One of the main challenges for India`s civil nuclear obligations with other countries is its non-signature status of the Non-Proliferation Treaty. Two major obstacles to India`s acceptance into the global non-proliferation regime have been India`s nuclear weapons program and its strained relations with its neighbour, Pakistan (which is also a nuclear state). Several existing regional and international agreements prohibit the engagement of its signatories with non-NPT nuclear-weapon states, such as India. Although the NSG has granted India its own waiver, which enhances its ability to cooperate with key nuclear energy players, there remain obstacles that limit its ability to fully exploit the potential of civil nuclear cooperation with the international community. Former Indian president and Indian scientist A. P. J. Abdul Kalam also supported the agreement and noted that New Delhi could break its «voluntary moratorium» on the continuation of nuclear tests in the «greatest national interest.»  However, analyst M K Bhadrakumar discouraged. He said that the consensus on GSS had been reached on the «basis» of Pranab Mukherjee`s commitment to India`s voluntary moratorium on nuclear testing, and India therefore made a «multilateral commitment» that included it in the «scope of the CTBT and the NPT».  On October 1, 2008, the U.S. Congress definitively approved an agreement to facilitate nuclear cooperation between the United States and India. The agreement is seen as a turning point in U.S.-India relations and introduces a new aspect to international non-proliferation efforts.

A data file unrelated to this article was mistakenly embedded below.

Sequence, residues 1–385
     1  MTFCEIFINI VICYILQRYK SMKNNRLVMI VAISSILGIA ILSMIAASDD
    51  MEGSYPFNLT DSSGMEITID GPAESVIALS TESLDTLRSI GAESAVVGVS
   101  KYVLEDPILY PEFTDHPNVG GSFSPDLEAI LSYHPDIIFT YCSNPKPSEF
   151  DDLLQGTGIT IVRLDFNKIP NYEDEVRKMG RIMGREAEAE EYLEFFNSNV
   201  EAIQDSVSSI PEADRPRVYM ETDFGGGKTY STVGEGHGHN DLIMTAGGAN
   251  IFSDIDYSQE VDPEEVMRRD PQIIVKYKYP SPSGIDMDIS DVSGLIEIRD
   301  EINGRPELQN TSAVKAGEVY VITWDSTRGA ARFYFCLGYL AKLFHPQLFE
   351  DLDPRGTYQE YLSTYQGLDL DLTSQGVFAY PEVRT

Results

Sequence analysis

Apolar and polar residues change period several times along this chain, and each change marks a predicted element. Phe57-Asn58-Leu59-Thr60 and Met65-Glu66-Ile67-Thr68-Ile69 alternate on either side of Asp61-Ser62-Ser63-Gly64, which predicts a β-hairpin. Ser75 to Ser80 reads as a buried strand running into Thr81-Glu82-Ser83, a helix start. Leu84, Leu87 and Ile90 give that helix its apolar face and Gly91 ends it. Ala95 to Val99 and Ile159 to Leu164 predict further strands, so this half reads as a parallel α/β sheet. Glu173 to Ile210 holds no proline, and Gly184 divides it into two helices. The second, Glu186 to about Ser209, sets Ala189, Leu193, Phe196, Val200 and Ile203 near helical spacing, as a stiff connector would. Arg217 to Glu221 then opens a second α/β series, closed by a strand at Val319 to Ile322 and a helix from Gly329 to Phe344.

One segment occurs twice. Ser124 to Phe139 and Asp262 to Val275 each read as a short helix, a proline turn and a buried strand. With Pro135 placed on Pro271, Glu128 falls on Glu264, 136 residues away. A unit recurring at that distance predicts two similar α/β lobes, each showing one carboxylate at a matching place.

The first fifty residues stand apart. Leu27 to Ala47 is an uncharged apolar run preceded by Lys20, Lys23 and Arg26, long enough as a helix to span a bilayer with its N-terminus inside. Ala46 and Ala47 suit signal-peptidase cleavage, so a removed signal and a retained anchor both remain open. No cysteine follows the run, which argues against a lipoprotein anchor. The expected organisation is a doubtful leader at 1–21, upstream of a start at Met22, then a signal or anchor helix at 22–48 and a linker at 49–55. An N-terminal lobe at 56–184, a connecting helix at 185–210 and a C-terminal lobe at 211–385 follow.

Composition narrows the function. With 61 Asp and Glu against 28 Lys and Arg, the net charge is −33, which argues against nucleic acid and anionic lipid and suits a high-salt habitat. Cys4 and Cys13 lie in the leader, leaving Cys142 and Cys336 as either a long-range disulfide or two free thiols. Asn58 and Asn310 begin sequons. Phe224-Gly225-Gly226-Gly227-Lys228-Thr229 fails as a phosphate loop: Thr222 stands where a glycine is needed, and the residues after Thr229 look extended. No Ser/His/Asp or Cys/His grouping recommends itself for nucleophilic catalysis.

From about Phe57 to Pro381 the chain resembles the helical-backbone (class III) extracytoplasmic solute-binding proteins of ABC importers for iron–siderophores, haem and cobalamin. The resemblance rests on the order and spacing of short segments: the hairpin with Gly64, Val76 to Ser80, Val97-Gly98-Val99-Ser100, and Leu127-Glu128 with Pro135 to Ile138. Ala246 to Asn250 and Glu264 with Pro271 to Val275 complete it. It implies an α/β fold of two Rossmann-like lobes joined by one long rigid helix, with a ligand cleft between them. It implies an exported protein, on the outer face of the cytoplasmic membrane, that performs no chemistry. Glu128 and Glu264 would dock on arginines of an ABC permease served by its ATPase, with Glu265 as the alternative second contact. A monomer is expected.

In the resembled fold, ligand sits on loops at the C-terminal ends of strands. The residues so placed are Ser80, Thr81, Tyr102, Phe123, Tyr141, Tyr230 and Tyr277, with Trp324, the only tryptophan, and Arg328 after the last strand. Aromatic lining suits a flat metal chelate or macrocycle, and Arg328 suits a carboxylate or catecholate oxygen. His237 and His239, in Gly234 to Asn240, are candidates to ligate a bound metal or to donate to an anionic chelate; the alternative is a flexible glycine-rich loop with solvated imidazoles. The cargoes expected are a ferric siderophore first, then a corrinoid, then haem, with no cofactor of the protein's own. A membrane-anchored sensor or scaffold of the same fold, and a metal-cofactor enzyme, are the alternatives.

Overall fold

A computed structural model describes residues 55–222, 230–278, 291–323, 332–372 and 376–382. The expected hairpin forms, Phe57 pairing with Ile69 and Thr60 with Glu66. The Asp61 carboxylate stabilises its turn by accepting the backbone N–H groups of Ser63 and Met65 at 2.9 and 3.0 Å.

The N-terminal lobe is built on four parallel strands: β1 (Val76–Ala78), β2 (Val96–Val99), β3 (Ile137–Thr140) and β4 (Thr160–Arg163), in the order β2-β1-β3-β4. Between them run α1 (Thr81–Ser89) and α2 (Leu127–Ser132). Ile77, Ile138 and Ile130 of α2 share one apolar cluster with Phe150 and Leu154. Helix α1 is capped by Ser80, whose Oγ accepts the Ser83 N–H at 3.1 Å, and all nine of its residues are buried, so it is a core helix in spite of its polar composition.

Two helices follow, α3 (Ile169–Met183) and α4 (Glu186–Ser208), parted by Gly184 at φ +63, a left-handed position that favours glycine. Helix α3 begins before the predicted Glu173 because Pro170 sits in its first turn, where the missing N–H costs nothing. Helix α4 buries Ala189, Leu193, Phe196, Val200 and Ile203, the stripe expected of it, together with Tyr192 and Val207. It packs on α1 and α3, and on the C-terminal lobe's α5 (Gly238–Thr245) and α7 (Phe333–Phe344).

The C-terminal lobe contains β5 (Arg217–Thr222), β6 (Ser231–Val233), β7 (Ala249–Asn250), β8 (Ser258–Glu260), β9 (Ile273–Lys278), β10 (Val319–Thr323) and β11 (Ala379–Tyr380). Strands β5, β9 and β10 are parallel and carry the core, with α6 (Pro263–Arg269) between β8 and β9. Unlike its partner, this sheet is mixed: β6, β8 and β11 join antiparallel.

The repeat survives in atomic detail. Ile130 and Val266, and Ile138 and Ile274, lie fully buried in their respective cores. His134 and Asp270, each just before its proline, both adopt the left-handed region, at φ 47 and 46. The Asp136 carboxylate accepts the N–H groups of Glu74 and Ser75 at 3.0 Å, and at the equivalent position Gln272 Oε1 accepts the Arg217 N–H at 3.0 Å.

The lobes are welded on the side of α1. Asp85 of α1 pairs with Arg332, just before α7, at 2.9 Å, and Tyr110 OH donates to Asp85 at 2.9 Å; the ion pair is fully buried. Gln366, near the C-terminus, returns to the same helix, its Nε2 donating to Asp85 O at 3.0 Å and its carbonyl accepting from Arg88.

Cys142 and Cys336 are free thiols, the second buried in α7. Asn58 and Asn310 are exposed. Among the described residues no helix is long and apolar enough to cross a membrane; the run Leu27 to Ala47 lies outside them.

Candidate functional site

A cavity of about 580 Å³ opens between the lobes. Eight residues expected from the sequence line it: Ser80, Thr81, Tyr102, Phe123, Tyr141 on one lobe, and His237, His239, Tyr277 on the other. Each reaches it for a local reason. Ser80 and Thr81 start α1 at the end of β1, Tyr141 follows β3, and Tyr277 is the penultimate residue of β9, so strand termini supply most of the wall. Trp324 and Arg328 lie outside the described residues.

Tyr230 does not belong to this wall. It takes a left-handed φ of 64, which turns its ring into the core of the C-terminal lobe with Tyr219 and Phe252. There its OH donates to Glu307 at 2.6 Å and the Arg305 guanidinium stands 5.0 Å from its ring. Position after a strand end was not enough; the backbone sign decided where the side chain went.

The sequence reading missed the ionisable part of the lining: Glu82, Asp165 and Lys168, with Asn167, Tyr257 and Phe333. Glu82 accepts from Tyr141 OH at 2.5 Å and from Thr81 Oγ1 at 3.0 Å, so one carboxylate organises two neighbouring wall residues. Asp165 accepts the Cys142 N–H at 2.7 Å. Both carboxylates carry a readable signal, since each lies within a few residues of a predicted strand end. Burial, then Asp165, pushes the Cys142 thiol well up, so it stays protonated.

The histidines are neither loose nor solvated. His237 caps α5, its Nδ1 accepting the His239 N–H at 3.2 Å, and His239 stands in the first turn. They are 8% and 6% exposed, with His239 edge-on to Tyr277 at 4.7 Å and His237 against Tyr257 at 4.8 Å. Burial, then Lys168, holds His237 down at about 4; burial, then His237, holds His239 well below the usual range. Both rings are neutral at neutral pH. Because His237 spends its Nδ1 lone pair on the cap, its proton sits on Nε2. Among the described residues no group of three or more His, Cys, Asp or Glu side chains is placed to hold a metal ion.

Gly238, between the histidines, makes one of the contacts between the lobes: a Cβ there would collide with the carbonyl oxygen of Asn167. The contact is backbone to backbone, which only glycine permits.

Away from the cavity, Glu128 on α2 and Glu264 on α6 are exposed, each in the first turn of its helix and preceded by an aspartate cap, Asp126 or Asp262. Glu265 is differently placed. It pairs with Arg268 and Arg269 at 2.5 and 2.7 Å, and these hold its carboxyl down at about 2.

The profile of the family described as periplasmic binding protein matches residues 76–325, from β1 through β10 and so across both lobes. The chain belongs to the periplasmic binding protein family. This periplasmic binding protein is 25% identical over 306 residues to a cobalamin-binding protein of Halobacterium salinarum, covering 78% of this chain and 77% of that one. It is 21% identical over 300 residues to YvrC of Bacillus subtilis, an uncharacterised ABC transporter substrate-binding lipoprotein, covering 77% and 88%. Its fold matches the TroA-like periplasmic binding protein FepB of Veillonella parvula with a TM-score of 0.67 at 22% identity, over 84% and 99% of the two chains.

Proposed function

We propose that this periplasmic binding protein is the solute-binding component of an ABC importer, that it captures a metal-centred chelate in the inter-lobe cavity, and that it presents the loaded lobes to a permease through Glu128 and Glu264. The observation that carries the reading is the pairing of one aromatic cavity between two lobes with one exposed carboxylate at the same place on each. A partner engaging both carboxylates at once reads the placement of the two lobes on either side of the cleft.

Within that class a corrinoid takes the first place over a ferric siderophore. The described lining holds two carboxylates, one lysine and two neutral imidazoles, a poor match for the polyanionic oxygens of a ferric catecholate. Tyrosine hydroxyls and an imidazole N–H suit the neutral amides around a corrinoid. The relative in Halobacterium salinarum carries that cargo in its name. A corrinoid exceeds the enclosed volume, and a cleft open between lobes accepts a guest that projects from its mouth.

The agreement, first presented in the joint statement by President Bush and Indian Prime Minister Manmohan Singh on July 18, 2005, overturns a three-decade U.S. moratorium on nuclear trade with India. It supports India`s civilian nuclear program and strengthens cooperation between the United States and India in the energy and satellite sector. But critics in the United States say the deal fundamentally reverses half a century of U.S. proliferation efforts, undermines attempts to prevent states like Iran and North Korea from acquiring nuclear weapons, and potentially contributes to a nuclear arms race in Asia. «This is an unprecedented agreement for India,» says Charles D. Ferguson, a science and technology fellow at the Council on Foreign Relations. «If you look at the three countries outside the non-proliferation treaty – the Israeli, Indian and Pakistani nuclear weapons treaty, it is a single agreement.» India`s civilian nuclear agreements have been instrumental in its status as a responsible nuclear power.